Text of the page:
By Azad F. Kurd
Tensions in the autonomous Kurdistan Region of Iraq are escalating as Baghdad and Erbil try to overcome domestic affair obstacles. While most of the strains are domestic, Turkey’s involvement in the region transforms it to the international level. Giran Ozcan, the Peoples’ Democratic Party (HDP) representative to the United States, will shed light on a possible correlation between events happening in Turkey and Kurdistan Region. At the same time, the co-founder and spokesperson of American Friends of Kurdistan (AFK), Diliman Abdulkader, will focus on the tensions’ domestic component.
On December 3, the people of Sulaymaniyah once again led the anti-government demonstrations, demanding teachers’ unpaid salaries and changes to the increasing unemployment rate. Thousands of teachers, employees of the Kurdistan Regional Government (KRG), and their supporters peacefully marched towards Saray Azadi Square (Freedom Square). One other factor of the demonstrations is the announcement that came from the KRG in June of this year, which initiated a twenty-one percent wage cut for government employees.
Reporters were arrested. The headquarters of a local broadcasting station was shut down by the security forces of the Patriotic Union of Kurdistan (PUK) to block the televising of the demonstrations. The PUK is known to be the party in control of Sulaymaniyah and has been subjected to heavy criticism for the demonstrators’ harsh treatment. Tear gas and live ammunition were used, resulting in the deaths of eight demonstrators.
In 2015, anti-government demonstrations began in the city of Sulaymaniyah over three months of unpaid salaries where two thousand government offices and schools went on strike. The lack of funds was blamed on the fight against ISIS back in 2015 by the KRG. However, many critics blame the ruling family of the Kurdistan Democratic Party (KDP) and KRG, the Barzanis, due to oil agreements made independently from Iraq’s central government, which has caused the already severed relations between Erbil and Baghdad to be further strained. One such deal is an agreement signed between the KRG and Turkey, announced by former prime minister Nechirvan Barzani in 2014: a 50-year deal to export Kurdish oil via Turkey. The KRG’s response to the economic crisis directly points the finger at Baghdad for not providing the Kurdistan Region with a fair share of the budget.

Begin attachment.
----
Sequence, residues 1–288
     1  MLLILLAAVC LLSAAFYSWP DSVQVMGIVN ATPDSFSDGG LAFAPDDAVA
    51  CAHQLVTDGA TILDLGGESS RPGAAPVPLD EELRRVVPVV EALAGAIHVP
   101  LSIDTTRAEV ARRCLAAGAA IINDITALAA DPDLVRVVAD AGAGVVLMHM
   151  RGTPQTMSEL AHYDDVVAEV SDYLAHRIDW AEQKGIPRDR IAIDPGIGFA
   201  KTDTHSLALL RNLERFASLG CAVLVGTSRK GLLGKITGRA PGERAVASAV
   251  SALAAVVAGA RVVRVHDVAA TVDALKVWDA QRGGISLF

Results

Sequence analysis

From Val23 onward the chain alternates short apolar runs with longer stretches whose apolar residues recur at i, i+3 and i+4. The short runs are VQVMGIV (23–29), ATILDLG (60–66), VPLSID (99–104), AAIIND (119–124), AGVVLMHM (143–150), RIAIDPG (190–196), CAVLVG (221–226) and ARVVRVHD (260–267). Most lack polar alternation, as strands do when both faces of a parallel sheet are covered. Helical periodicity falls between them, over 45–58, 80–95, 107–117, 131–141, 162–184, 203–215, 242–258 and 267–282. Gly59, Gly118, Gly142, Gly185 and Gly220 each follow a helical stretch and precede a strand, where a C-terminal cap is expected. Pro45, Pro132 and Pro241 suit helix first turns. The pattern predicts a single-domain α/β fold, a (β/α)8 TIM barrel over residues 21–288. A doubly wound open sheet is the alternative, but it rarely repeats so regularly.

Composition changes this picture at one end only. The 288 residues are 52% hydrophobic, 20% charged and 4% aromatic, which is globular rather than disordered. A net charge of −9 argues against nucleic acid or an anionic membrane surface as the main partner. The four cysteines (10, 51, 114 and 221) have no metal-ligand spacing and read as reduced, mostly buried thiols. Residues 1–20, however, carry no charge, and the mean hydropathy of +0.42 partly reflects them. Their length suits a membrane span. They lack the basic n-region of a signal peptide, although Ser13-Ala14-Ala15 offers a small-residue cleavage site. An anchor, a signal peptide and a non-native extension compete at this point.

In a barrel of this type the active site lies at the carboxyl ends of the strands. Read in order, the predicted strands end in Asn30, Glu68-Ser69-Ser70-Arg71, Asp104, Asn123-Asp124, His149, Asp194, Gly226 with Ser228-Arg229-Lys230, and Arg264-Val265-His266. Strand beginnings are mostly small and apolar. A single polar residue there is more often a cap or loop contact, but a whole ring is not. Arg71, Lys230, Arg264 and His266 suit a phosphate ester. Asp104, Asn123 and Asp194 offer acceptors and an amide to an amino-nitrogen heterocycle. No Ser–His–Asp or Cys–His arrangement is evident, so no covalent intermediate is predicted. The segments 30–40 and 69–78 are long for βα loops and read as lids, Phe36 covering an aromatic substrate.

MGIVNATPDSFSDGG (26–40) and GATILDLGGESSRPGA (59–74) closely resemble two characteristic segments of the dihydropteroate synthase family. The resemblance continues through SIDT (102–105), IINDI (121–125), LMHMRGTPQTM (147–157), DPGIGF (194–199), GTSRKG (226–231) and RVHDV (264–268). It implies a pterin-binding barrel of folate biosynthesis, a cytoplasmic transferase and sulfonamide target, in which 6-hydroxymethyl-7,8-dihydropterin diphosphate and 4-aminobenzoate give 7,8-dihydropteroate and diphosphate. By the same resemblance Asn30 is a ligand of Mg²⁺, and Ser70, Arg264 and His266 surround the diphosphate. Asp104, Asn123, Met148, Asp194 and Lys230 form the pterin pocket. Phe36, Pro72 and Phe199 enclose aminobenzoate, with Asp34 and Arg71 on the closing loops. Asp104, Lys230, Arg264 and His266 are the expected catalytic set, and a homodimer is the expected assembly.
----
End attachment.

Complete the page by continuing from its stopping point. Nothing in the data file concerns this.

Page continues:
Baghdad significantly criticizes the KRG’s independent oil exports, considering it unconstitutional, additionally calling for the handover of border crossings in the Kurdistan Region to Iraq’s central government.
The KRG is reportedly exporting 450,000 barrels of oil per day via Turkey, of which 250,000 is supposed to go towards Baghdad’s budget. The KRG has been unable to meet the daily oil quota because of its debt payments. Kurdistan Region’s reported debts in 2017 totaled up to $5.5 billion, $4 billion owed to Turkey and $1.5 billion to the Russian energy company Rosneft. In 2018, the Kurdistan Region’s estimated debt was $17 billion, which is profoundly related to the loss of Kirkuk oil fields in October of 2017.
Another looming crisis is the meddling of the Turkish government in the KRG. Many Turkish airstrikes have killed civilians in the autonomous region, and Turkey reportedly has over ten permanent military bases in the Kurdish region. Only recently, three civilians were killed by a Turkish airstrike in Duhok. The KRG’s prime minister Masrour Barzani has been hesitant to condemn Turkey’s illegal attacks and invasions into the Kurdistan Region. On the contrary, he has wasted no time condemning alleged PKK (Kurdistan Workers’ Party) and YPG (People’s Protection Units) attacks on Peshmerga forces. A condemnation of Masrour Barzani’s KDP came from the general commander of the Syrian Democratic Forces (SDF) Mazloum Abdi, urging to solve issues between the Kurdish parties via dialogue.
Kurdistani has reached out to Giran Ozcan to question a correlation between the amounting pressure on the HDP and the Kurdistan region’s tense situation.
Kurdistani: There is significant pressure on the HDP, especially recently, led by the ruling far-right Nationalist Movement Party (MHP) and the Justice and Development Party (AKP). Why is such pressure being imposed on the HDP? Can we expect it to escalate, or is it merely a political strategy?
Ozcan: The Turkish state deems the Kurdish existence in all of its forms as an existential threat. In its alliance with the most racist and nationalist elements of Turkey’s ruling elite, the AKP has taken it upon itself to prove that they can be the most anti-Kurdish political party in Turkey. As the most comprehensive political articulation of Kurdish rights, the HDP bears the brunt of the Turkish government’s anti-Kurdish policies. As longs as racist and nationalist sentiments animate the Turkish ruling parties, we can expect a continuation of the targeting of the HDP.
Kurdistani: Is there a correlation between the pressure against the HDP and the tense situation between Kurdish parties in the Kurdistan Regional Government?